Space-based Automatic Dependent Surveillance - Broadcast (ADS-B) became fully operational for the first time on 2 April 2019, as an oceanic airspace trial began over the North Atlantic.
“Already we can see better routing and altitudes for airspace users,” Nav Canada CEO Neil Wilson said in a press briefing. “Part of this trial is to learn how to make flights more efficient.”
The start of operations follows eight years of careful preparation, said Aireon CEO Don Thoma. “This historic achievement will make airspace safer, more efficient, and less expensive,” he added.
Satellite-based surveillance is available globally following completion of the Iridium NEXT satellite constellation carrying Aireon ADS-B payloads, paving the way for Nav Canada and NATS to begin operational trials.
Both air navigation service providers (ANSPs) are investors in the Aireon space-based ADS-B programme, along with the Irish Aviation Authority (IAA), ENAV of Italy, and Naviair of Denmark.
“Surveillance coverage has gone from 30% to 100%, contributing to improved safety and flight efficiency,” said Wilson. The partners expect to be able to reduce in-trial separation distances from 40 n miles today to as little as 14 n miles, making airspace more flexible and providing more capacity.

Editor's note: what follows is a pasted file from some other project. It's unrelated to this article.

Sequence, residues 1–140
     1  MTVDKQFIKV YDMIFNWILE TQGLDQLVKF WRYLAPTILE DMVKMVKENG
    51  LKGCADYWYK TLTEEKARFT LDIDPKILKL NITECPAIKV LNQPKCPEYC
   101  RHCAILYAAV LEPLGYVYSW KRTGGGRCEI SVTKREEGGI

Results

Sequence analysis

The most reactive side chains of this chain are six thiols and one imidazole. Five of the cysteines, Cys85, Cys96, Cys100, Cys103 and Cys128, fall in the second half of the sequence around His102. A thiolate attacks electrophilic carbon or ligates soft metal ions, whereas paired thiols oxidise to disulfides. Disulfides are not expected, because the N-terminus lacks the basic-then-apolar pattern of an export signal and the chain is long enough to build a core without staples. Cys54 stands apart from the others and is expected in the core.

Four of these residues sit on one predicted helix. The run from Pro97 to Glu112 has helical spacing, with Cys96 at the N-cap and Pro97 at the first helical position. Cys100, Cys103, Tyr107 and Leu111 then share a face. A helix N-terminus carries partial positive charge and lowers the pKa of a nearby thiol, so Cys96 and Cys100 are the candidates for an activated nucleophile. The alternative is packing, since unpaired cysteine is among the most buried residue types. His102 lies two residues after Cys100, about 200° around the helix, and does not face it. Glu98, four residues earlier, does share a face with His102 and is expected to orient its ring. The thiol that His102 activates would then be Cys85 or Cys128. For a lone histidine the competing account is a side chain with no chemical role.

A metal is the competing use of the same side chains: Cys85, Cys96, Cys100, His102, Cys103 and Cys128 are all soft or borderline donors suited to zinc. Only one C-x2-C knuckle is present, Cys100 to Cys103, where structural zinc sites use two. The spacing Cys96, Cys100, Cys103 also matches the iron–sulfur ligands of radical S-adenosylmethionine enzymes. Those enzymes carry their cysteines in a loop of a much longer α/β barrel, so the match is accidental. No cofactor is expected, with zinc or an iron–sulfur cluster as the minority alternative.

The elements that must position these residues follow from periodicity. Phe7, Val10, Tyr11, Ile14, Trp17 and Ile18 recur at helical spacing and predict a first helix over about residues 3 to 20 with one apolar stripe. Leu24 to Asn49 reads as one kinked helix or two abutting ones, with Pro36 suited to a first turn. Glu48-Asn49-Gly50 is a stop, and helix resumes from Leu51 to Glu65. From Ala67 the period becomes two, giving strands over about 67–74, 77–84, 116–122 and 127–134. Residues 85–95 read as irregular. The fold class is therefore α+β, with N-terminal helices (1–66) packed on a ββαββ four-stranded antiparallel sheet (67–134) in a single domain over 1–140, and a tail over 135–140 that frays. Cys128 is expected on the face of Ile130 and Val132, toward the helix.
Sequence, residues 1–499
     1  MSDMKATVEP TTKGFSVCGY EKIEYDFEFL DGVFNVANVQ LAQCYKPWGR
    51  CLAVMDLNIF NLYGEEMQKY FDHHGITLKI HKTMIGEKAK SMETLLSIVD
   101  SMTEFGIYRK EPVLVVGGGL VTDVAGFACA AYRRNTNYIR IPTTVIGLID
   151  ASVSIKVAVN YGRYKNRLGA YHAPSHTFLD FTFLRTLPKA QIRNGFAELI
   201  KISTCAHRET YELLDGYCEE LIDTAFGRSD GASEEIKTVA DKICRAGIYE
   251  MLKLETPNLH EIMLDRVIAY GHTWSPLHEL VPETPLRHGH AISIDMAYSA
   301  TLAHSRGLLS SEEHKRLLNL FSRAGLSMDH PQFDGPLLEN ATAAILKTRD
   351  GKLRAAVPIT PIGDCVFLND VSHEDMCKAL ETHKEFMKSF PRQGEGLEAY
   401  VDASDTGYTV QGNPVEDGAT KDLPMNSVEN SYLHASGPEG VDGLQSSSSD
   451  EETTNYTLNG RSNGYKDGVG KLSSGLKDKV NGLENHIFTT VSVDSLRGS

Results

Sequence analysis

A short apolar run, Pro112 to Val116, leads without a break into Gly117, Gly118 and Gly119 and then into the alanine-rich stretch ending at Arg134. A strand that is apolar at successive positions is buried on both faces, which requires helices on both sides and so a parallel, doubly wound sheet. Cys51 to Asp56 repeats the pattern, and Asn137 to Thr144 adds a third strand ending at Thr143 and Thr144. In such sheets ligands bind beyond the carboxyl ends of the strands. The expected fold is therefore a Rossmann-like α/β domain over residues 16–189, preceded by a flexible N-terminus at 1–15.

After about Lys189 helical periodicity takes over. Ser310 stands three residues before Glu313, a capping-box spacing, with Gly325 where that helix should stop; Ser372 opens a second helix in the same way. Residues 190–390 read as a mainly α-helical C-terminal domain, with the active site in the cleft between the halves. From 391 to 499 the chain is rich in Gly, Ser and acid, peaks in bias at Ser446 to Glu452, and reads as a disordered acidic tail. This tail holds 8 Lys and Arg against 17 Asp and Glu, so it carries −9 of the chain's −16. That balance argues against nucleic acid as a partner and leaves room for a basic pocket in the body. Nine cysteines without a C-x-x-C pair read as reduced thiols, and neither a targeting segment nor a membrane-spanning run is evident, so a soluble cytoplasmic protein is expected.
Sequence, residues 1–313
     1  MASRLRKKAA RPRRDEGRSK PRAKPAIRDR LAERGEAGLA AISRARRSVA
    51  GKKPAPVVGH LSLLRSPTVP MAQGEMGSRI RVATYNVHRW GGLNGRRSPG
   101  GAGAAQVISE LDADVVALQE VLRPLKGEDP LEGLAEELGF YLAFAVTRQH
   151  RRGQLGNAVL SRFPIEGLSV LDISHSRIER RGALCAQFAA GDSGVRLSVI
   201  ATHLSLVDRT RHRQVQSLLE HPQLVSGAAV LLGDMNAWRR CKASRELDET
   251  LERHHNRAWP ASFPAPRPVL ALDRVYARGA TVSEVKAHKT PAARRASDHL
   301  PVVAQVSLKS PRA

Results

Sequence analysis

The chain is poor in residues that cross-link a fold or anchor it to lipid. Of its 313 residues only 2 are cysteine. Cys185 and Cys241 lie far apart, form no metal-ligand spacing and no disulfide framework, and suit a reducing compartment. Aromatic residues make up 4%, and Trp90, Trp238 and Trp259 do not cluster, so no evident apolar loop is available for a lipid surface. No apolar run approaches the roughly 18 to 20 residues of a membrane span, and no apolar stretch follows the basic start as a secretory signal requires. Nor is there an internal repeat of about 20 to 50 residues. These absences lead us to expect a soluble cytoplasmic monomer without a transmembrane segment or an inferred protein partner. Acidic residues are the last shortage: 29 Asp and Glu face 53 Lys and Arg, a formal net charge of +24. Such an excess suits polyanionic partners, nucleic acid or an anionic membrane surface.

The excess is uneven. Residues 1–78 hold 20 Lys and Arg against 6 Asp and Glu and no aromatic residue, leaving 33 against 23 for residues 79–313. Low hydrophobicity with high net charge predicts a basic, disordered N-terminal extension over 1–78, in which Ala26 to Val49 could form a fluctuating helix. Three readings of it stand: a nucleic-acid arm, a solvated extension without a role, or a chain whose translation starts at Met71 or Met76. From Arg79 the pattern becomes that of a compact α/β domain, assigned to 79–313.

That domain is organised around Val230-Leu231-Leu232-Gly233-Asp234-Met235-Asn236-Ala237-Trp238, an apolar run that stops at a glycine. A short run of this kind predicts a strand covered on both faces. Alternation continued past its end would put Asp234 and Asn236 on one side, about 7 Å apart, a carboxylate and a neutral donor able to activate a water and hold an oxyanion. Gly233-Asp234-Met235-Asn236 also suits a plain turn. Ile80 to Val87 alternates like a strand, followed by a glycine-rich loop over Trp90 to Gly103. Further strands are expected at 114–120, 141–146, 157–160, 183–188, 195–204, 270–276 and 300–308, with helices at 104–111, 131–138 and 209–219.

NATS CEO Martin Rolfe said position updates previously received every 14 minutes are now available every eight seconds. “Over 90% of North Atlantic flights will get their requested routes, compared with less than 60% now. Each flight is estimated to save up to two tonnes of fuel, or CAD300 per flight.”
The North Atlantic is the busiest oceanic airspace in the world with more than 500,000 flights every year and a forecast 800,000 flights a year by 2030.
Aireon has signed agreements with close to a dozen customers and it supports efforts by ANSPs to gain regulatory approval for the surveillance service. The company has also completed four European Aviation Safety Agency (EASA) audits as a precursor to achieving pan-European certification from the agency.
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